The day I spent at Connect2014 last week was very valuable. I really enjoyed reconnecting F2F with so many online colleagues at Dean Shareski’s session where he lead a two hour in depth discussion on the topic of connected learning.
The discussion was rich as educators shared personal stories of making connections, the impact of the connections in terms of learning, sharing, collaboration and changed practice – talk about POWERFUL!!!
One idea that captured my interest from the session was the idea of recording a learning or change and attributing the connection that “made it happen”. Attendees joined forces to illustrate the power of helping people with professional learning this video which was produced that day during our time together.
Last week I became aware of an interesting approach to learning about Ontario communities with grade 3 classes. The idea is to involve people from around the province to submit picture clues about the community they live in. The clues are shared with the students, and student responses are tweeted (posted) back through a class or teacher based Twitter account.
The project takes on another level of connectedness by using a hashtag (Twitter conversation label) to collect all of the tweets on this topic into a searchable stream which can be viewed [ here]. What a GREAT way to bring a personal and connected context to the classroom.
I enjoyed an afternoon walk this weekend to take a few pictures to participate this week. I wonder how many clues it might take the students to guess where I live.
Here are some sample tweets from last week.
This will be a great week in the connected learning world.
Last Thursday (April 10, 2014) I had the pleasure of attending the meeting of the London MISA PNC group to serve on a panel discussion with
Joe Sisco of the WECDSB did a nice job hosting the event and moderating the panel discussion. My role on the panel was to share some ideas concerning technology planning.
I enjoyed the variety of questions the panel addressed. Two conversations really stood out for me. First, some excellent dialog around the notions of professional sharing:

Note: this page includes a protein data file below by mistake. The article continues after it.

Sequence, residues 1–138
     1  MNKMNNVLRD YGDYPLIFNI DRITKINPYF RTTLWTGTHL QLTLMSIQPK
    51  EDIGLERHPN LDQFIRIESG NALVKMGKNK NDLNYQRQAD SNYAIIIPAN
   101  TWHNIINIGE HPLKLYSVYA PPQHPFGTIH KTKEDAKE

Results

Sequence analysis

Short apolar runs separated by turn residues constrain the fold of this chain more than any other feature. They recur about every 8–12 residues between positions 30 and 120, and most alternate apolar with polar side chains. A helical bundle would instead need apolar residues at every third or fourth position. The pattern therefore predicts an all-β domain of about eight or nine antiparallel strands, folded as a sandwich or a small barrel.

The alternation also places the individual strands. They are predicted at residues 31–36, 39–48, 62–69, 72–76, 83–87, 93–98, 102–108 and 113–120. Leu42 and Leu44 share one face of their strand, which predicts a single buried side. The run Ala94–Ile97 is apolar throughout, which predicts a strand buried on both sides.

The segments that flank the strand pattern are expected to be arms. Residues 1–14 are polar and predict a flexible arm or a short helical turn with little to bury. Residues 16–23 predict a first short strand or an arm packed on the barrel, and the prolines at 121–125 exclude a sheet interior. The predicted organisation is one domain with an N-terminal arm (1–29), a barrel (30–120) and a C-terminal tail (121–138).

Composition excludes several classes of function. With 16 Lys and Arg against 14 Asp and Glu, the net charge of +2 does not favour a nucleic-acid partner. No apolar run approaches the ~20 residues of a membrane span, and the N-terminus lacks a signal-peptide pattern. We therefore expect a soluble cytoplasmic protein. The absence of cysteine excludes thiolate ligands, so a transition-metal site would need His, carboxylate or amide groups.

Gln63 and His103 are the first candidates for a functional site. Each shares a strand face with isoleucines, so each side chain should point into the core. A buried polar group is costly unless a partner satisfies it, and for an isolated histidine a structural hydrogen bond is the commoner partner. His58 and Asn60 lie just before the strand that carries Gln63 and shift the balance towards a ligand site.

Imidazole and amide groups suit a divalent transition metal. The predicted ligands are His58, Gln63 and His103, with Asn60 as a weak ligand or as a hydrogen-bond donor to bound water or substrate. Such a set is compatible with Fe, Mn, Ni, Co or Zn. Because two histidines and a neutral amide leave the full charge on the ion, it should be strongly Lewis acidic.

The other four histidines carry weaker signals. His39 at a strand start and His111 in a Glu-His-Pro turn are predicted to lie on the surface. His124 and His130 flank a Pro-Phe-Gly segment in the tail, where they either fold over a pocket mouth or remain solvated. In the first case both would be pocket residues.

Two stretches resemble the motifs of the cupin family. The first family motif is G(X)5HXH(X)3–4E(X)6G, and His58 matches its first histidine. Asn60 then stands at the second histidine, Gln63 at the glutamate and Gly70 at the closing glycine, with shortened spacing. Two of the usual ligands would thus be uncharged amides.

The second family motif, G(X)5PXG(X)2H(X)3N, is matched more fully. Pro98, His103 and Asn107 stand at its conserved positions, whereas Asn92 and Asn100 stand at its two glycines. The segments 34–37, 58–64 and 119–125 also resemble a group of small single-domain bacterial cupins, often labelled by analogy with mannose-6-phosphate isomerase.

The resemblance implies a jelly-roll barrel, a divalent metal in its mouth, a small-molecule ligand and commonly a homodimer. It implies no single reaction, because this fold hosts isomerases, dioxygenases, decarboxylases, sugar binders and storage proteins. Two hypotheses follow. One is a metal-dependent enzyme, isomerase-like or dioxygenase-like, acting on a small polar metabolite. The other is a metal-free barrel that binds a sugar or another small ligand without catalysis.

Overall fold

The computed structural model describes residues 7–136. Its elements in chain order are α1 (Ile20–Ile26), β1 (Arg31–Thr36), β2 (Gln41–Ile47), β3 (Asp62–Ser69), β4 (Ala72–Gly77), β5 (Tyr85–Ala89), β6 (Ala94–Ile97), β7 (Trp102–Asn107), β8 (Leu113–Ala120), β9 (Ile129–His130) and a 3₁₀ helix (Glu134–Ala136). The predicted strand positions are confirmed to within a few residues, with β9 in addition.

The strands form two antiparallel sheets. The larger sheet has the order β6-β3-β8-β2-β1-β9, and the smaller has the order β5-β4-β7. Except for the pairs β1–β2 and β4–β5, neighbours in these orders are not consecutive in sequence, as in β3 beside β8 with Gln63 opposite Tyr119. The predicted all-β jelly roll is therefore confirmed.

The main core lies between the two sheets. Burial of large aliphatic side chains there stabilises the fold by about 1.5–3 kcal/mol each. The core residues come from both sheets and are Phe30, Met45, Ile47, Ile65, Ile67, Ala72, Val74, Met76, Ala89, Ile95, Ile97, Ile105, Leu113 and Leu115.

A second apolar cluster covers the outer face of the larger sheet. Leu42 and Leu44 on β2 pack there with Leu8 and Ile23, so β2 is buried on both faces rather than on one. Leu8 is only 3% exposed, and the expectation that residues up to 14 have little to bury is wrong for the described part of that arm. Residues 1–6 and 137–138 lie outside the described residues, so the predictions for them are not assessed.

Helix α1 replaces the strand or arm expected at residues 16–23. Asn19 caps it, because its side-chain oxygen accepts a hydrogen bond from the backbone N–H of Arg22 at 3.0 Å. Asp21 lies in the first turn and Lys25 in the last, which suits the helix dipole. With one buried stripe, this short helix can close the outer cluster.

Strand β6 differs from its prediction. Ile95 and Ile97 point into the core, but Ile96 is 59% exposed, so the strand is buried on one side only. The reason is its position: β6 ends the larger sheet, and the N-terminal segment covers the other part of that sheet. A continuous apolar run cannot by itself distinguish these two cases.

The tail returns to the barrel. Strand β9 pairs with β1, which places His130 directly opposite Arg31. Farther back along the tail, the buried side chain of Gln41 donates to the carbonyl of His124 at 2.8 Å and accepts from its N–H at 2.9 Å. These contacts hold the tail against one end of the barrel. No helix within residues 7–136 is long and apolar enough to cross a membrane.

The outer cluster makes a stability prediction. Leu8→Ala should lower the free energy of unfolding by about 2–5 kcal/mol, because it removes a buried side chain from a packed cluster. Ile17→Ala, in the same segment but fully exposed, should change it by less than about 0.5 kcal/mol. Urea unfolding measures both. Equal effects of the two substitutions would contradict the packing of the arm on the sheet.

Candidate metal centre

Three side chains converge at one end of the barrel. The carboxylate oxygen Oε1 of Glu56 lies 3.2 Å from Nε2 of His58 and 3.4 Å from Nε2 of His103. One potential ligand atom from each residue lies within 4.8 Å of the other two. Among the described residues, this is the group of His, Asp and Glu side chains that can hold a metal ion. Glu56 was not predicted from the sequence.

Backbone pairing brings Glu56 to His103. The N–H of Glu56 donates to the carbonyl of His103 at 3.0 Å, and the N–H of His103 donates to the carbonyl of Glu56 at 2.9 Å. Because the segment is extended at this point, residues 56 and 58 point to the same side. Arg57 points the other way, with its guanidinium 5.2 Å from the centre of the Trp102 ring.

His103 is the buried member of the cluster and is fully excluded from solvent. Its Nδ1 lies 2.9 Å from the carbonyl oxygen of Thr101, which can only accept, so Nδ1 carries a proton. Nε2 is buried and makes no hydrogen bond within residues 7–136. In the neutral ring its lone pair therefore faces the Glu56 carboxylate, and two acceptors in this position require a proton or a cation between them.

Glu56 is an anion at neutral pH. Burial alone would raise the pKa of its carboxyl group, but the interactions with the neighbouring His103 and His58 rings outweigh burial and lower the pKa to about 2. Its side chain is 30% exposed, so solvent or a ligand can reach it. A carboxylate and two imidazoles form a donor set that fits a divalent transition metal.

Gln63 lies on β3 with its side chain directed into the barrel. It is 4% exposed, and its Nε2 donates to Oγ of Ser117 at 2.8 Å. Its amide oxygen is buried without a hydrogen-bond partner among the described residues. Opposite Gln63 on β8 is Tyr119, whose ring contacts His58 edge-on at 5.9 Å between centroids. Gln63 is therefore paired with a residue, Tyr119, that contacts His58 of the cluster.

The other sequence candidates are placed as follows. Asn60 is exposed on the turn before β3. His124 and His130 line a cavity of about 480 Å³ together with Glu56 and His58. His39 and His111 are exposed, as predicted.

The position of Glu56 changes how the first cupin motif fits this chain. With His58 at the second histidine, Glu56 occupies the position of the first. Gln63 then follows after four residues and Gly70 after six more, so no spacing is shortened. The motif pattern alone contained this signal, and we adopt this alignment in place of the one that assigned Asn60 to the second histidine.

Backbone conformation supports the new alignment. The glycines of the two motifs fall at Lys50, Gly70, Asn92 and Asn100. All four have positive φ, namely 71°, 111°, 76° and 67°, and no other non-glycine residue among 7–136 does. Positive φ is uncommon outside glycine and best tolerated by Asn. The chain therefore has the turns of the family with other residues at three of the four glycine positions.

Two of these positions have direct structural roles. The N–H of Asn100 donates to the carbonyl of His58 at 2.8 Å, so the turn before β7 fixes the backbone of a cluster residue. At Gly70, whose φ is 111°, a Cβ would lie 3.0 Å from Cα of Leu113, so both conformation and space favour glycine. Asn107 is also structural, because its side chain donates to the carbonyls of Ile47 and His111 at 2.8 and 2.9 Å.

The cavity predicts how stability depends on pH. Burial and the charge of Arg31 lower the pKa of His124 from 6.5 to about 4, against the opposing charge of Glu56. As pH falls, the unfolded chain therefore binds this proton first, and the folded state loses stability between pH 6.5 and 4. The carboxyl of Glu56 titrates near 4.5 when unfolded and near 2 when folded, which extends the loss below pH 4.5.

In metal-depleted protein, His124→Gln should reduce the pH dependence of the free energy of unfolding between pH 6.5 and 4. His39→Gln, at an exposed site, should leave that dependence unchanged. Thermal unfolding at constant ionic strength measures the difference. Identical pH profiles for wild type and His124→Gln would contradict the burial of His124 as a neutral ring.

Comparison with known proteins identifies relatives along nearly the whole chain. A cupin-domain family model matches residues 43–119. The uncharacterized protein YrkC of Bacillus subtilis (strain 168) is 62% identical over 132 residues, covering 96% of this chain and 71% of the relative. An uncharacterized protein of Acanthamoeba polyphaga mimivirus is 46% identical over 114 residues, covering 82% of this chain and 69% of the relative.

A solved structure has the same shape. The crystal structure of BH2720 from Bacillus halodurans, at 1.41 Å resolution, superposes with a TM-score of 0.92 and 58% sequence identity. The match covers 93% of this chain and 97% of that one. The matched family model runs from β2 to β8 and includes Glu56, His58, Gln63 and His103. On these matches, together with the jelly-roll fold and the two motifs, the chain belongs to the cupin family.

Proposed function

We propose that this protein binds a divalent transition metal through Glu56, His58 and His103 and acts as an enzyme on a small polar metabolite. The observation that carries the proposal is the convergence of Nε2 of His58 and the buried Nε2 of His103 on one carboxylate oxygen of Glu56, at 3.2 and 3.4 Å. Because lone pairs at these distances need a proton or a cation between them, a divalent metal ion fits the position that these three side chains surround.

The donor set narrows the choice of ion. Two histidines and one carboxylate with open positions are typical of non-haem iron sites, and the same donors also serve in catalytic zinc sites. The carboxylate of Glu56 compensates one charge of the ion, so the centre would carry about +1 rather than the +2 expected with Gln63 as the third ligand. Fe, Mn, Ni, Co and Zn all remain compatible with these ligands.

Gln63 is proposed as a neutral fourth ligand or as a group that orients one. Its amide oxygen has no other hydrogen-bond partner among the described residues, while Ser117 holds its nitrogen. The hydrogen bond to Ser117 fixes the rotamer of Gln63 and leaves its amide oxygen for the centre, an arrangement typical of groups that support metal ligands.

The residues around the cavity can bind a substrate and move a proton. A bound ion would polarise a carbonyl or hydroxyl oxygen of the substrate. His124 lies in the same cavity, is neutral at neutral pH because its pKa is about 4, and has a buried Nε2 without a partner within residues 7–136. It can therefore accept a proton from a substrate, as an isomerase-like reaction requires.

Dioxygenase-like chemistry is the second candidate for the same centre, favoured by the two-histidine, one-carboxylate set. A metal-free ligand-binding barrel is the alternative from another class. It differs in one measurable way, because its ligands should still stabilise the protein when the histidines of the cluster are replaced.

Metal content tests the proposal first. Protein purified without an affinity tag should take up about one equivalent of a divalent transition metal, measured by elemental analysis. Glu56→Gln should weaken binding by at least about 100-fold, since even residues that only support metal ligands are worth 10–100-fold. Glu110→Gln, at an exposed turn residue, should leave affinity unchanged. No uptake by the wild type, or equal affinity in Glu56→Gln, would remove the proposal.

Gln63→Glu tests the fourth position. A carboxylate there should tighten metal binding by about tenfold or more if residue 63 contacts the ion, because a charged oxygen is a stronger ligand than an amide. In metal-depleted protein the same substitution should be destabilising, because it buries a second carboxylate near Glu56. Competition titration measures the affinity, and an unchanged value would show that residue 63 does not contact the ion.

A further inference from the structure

and secondly, examining comfort with change:
In a rather timely fashion, this tweet from Donna Fry was posted just two days later while she was participating as a virtual learner by following the Twitter conversations of Edcamp SWO and Edcamp London which ran on Saturday April 12th. I think the tweet captures the essence of the panel discussions in a nice concise way.
I had a chance to chat with Brandon Grasley at the end of the OTRK12 conference following the OSSEMOOC “Getting Connected” session. Somehow we got onto the topic of new social media users adapting to the “fire hose” information flow of services such as Twitter.
You can’t get caught up in reading endless material. One must become comfortable with jumping in and out as time permits. Information can be tailored to your interests by using dashboards such as tweetdeck to follow topics of interest.
I decided to put the “jump in” theory to test, so one morning this week I looked at my twitter dashboard to see what could be noted in just a couple of minutes.
… an insightful blog post
… a digital citizen/digital literacy tip
… and a PD opportunity
Excellent results for just a couple of minutes of reading I would say. Here are a few ways to “jump in” that work for me.
– breakfast & twitter – I enjoy an interesting read to start the day
– tea & twitter?
– a few minutes between meetings
– lunch break
– waiting in the car to pick up your kids
– standing in lineups
Well, you get the picture. Jump in when you can and leverage on the go connected learning .